Angling Trust calls on European Commission to drop ban on bass angling in 2016

The Angling Trust will tell the European Commission it is wrongly targeting sea anglers following the publication this week of the Commission’s proposals on bass fishing in 2016 "to halt the dramatic decline in this important stock". The proposals include "a complete fishing ban for commercial vessels and recreational anglers in the first half of 2016", and in the second half of 2016 "a monthly one tonne catch limit for vessels targeting sea bass and a one fish bag limit for recreational anglers".

The Angling Trust's response said: "Government figures show that recreational sea angling is enjoyed by more than 800,000 people in the UK and is worth £2bn to the economy. Bass is our most popular sport fish and a huge amount of bass caught by anglers are returned to live, breed and fight another day. Anglers have been warning about commercial fishing causing a decline in bass stocks for the last 20 years and it is only recently that the European Commission and the Member States have started taking the issue seriously. Whilst we welcome the proposals to further restrict the commercial harvesting of bass it is monstrously unfair to lump all forms of bass fishing together.

“There is absolutely no equivalence between a trawler dragging a huge net across the ocean and a group of anglers going out at the weekend with a rod and line and fishing sustainably within agreed size and bag limits. The Angling Trust intends to tell the Commission it is picking on the wrong target. The European Anglers Alliance (EAA), of which the Angling Trust is an active member, has already identified that the technical detail of the Commission’s proposals are unclear with regards to whether the ban on fishing in the first six months of 2016 refers to recreational fishing. The Angling Trust is currently waiting for a correction from the Commission in order to clarify this."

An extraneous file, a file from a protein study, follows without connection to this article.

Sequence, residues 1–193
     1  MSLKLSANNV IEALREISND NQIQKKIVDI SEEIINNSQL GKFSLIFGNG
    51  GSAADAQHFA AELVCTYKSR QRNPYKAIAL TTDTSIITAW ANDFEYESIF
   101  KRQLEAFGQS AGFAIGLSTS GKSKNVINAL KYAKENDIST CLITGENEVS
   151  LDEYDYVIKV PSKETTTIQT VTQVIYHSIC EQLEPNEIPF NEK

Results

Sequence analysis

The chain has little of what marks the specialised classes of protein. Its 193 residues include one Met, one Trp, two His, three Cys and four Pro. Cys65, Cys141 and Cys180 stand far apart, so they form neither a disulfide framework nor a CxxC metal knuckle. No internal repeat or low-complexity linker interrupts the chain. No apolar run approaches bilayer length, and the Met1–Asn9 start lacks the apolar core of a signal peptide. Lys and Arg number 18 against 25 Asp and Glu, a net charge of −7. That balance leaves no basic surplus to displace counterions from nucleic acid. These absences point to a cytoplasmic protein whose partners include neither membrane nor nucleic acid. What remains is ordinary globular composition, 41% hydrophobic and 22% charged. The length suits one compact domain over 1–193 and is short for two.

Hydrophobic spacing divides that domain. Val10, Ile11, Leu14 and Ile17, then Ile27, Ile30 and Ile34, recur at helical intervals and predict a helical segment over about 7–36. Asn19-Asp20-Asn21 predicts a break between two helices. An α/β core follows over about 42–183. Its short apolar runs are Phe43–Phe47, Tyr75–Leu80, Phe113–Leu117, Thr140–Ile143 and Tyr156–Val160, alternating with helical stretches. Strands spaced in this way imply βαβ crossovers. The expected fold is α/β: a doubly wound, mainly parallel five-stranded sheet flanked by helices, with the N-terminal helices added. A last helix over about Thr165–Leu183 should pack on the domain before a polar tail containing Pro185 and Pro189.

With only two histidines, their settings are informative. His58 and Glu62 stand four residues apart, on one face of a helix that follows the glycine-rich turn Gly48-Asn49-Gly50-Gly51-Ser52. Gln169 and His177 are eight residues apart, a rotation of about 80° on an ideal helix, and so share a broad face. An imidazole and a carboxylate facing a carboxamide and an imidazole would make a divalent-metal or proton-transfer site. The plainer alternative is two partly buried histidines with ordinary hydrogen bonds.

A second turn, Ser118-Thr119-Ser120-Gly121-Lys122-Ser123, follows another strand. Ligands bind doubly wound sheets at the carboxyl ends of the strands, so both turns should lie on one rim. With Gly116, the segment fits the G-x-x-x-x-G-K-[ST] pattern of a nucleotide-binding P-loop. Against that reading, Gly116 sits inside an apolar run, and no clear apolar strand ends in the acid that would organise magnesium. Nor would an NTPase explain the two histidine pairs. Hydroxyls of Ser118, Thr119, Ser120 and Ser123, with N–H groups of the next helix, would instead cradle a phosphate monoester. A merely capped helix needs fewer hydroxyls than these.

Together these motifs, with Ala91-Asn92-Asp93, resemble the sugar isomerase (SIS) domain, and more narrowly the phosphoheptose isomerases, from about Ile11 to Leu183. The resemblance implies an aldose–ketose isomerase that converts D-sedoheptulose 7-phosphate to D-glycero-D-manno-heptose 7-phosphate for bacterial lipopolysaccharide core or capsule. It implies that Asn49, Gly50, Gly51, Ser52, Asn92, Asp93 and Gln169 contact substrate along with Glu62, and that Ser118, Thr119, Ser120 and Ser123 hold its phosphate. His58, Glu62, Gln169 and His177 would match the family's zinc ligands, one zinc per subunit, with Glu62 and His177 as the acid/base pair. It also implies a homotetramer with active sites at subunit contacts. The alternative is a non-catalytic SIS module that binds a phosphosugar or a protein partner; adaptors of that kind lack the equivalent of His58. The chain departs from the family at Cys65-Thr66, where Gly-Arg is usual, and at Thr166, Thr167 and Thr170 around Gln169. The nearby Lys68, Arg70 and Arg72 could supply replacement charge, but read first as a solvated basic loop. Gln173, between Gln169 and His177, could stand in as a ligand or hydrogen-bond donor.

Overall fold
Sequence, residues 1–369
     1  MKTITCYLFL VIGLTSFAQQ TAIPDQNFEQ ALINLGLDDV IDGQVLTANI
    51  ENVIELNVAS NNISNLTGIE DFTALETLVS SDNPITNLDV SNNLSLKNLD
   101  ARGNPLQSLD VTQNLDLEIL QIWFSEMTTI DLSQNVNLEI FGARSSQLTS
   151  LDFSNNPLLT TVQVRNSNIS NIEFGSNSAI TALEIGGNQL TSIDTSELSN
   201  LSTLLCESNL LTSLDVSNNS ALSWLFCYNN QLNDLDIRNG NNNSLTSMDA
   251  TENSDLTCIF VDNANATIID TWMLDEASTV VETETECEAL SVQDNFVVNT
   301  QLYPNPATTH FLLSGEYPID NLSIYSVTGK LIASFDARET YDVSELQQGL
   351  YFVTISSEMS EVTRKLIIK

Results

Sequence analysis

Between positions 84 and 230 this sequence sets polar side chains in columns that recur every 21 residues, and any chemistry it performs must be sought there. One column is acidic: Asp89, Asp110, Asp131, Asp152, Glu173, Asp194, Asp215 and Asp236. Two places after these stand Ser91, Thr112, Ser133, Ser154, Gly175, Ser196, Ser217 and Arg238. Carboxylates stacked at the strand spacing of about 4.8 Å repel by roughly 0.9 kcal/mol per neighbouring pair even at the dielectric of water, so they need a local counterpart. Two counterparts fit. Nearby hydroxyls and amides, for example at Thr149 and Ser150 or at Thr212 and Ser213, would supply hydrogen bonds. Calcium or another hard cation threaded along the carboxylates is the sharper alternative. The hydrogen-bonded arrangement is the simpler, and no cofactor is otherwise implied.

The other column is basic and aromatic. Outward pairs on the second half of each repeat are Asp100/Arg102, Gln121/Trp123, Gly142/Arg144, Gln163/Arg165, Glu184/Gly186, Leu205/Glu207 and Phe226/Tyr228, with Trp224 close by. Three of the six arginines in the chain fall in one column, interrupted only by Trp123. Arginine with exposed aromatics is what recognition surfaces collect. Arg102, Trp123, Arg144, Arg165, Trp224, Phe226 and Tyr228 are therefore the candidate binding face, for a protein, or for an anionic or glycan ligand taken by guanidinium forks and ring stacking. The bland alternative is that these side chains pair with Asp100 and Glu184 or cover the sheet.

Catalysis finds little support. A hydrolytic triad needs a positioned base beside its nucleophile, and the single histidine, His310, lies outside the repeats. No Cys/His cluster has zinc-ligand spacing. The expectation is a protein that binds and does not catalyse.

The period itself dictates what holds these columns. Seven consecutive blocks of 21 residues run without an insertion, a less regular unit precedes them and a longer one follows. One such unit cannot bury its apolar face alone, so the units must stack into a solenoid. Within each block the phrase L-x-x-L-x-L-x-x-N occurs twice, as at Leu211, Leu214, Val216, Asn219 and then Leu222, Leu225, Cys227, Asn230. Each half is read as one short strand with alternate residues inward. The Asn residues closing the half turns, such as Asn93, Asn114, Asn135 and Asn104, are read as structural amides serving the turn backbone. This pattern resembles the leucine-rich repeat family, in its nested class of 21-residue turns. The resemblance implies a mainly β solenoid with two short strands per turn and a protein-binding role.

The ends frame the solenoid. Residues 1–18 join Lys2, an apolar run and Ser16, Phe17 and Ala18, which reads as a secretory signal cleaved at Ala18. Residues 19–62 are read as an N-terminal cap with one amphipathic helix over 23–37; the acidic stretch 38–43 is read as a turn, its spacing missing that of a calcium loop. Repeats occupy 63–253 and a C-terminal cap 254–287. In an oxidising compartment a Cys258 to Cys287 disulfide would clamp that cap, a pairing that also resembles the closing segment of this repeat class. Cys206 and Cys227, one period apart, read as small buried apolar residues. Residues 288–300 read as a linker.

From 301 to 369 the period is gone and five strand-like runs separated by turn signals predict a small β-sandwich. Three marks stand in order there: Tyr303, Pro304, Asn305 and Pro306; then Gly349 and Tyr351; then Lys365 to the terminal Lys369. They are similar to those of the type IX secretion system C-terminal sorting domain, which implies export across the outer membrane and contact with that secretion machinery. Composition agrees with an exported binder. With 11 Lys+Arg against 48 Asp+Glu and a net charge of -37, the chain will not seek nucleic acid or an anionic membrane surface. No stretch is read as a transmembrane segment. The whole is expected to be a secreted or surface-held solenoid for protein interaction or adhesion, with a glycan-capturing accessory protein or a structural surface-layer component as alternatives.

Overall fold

David Mitchell, the Angling Trust’s Marine Campaigns Manager, said: “Members of the public fishing recreationally for publically-owned fish stocks will find it very difficult to accept why they are being so severely restricted while it’s business as usual for many commercial fishermen in the second half of 2016. Over the next fortnight we will be liaising with our colleagues in the Bass Anglers’ Sportfishing Society (BASS) and our partner organisations in the European recreational fishing sector in producing a carefully worked response to the Commission's proposals. This will focus on trying to ensure all sectors contribute to conservation of bass stocks in a more balanced and proportionate way. We intend to put this forward for consideration at the December meeting of the Council of Ministers where we expect the Commission's original proposals to be substantially amended."

Earlier this month the Angling Trust met with the UK Fisheries minister George Eustice and briefed him on the need for further restrictions on the commercial harvesting of threatened bass stocks.